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Abstract:Model-based clustering defines population level clusters relative to a model that embeds notions of similarity. Algorithms tailored to such models yield estimated clusters with a clear statistical interpretation. We take this view here and introduce the class of $G$-block covariance models as a background model for variable clustering. In such models, two variables in a cluster are deemed similar if they have similar associations will all other variables. This can arise, for instance, when groups of variables are noise corrupted versions of the same latent factor. We quantify the difficulty of clustering data generated from a $G$-block covariance model in terms of cluster proximity, measured with respect to two related, but different, cluster separation metrics. We derive minimax cluster separation thresholds, which are the metric values below which no algorithm can recover the model-defined clusters exactly, and show that they are different for the two metrics. We therefore develop two algorithms, COD and PECOK, tailored to G-block covariance models, and study their minimax-optimality with respect to each metric. Of independent interest is the fact that the analysis of the PECOK algorithm, which is based on a corrected convex relaxation of the popular $K$-means algorithm, provides the first statistical analysis of such algorithms for variable clustering. Additionally, we contrast our methods with another popular clustering method, spectral clustering, specialized to variable clustering, and show that ensuring exact cluster recovery via this method requires clusters to have a higher separation, relative to the minimax threshold. Extensive simulation studies, as well as our data analyses, confirm the applicability of our approach.

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Abstract:We consider the problem of detecting a tight community in a sparse random network. This is formalized as testing for the existence of a dense random subgraph in a random graph. Under the null hypothesis, the graph is a realization of an Erd\"os-R\'enyi graph on $N$ vertices and with connection probability $p_0$; under the alternative, there is an unknown subgraph on $n$ vertices where the connection probability is p1 > p0. In Arias-Castro and Verzelen (2012), we focused on the asymptotically dense regime where p0 is large enough that np0>(n/N)^{o(1)}. We consider here the asymptotically sparse regime where p0 is small enough that np0<(n/N)^{c0} for some c0>0. As before, we derive information theoretic lower bounds, and also establish the performance of various tests. Compared to our previous work, the arguments for the lower bounds are based on the same technology, but are substantially more technical in the details; also, the methods we study are different: besides a variant of the scan statistic, we study other statistics such as the size of the largest connected component, the number of triangles, the eigengap of the adjacency matrix, etc. Our detection bounds are sharp, except in the Poisson regime where we were not able to fully characterize the constant arising in the bound.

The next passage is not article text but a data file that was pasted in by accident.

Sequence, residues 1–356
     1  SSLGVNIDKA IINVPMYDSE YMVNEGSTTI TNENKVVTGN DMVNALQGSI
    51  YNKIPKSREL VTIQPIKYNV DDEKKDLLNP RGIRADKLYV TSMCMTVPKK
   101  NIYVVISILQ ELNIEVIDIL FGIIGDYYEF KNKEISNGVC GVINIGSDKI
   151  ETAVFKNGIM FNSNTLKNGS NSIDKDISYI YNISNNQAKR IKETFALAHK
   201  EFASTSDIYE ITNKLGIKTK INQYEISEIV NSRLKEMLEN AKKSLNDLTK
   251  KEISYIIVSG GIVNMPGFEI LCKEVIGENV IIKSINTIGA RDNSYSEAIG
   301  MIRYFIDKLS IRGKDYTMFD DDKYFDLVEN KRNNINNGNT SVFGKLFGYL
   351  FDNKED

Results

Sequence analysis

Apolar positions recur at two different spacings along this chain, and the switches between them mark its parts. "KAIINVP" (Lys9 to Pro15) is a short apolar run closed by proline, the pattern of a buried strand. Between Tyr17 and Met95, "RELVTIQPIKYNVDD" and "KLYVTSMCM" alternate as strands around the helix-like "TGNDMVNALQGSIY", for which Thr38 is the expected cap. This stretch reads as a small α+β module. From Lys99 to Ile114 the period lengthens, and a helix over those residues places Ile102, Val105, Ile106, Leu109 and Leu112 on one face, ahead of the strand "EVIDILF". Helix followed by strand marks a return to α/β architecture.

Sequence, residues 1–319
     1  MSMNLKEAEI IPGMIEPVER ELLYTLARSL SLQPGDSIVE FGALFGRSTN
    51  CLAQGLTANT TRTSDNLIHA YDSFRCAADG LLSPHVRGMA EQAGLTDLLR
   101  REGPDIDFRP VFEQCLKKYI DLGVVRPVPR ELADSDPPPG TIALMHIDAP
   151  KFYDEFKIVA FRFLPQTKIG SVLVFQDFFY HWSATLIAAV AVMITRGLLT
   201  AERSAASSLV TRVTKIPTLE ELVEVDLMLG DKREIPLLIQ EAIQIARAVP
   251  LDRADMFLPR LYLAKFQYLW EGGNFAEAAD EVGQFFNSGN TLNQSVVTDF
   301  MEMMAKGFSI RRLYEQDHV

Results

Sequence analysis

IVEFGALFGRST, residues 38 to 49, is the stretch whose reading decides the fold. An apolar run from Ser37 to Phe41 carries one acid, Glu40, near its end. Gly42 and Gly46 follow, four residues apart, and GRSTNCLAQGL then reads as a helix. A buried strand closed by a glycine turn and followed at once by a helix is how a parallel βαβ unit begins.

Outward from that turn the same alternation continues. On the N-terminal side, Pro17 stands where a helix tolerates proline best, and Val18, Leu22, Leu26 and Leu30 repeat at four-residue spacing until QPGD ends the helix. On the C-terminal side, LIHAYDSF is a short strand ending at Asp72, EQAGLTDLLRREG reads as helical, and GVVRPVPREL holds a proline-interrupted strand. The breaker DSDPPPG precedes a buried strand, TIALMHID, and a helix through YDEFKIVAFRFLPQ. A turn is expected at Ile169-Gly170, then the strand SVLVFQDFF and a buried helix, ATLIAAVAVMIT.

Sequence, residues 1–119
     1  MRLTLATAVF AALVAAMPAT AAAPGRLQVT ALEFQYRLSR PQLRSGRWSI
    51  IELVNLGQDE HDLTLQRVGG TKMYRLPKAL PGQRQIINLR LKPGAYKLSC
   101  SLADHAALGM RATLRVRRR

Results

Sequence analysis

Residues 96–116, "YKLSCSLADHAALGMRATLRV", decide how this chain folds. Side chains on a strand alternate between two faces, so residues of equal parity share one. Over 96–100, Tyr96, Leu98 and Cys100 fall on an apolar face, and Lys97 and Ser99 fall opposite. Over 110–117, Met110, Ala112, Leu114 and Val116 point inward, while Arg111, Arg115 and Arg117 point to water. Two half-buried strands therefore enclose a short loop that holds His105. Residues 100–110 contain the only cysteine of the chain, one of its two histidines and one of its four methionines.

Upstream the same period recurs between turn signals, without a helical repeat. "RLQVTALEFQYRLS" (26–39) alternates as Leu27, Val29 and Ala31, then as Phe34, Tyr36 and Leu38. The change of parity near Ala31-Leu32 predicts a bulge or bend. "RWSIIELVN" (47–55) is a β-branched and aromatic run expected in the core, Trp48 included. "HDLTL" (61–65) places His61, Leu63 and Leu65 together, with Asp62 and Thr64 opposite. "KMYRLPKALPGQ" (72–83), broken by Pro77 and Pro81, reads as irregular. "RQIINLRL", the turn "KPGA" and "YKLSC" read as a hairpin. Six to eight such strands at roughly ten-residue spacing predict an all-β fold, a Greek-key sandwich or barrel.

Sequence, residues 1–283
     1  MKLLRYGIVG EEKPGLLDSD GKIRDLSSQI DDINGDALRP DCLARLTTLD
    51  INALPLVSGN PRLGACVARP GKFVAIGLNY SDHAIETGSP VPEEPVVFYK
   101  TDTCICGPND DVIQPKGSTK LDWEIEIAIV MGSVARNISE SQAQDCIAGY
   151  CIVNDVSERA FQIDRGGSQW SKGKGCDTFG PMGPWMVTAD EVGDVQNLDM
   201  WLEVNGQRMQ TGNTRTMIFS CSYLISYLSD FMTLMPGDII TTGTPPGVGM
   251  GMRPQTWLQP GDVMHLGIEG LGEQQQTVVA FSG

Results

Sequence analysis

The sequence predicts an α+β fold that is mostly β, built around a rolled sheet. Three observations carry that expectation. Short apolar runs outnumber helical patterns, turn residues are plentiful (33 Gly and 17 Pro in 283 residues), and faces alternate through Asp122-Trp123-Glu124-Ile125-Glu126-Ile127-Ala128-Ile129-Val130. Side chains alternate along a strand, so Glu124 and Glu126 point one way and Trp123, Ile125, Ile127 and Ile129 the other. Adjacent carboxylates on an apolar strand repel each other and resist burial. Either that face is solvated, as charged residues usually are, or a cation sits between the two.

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Abstract:We formalize the problem of detecting a community in a network into testing whether in a given (random) graph there is a subgraph that is unusually dense. We observe an undirected and unweighted graph on N nodes. Under the null hypothesis, the graph is a realization of an Erd\"os-R\'enyi graph with probability p0. Under the (composite) alternative, there is a subgraph of n nodes where the probability of connection is p1 > p0. We derive a detection lower bound for detecting such a subgraph in terms of N, n, p0, p1 and exhibit a test that achieves that lower bound. We do this both when p0 is known and unknown. We also consider the problem of testing in polynomial-time. As an aside, we consider the problem of detecting a clique, which is intimately related to the planted clique problem. Our focus in this paper is in the quasi-normal regime where n p0 is either bounded away from zero, or tends to zero slowly.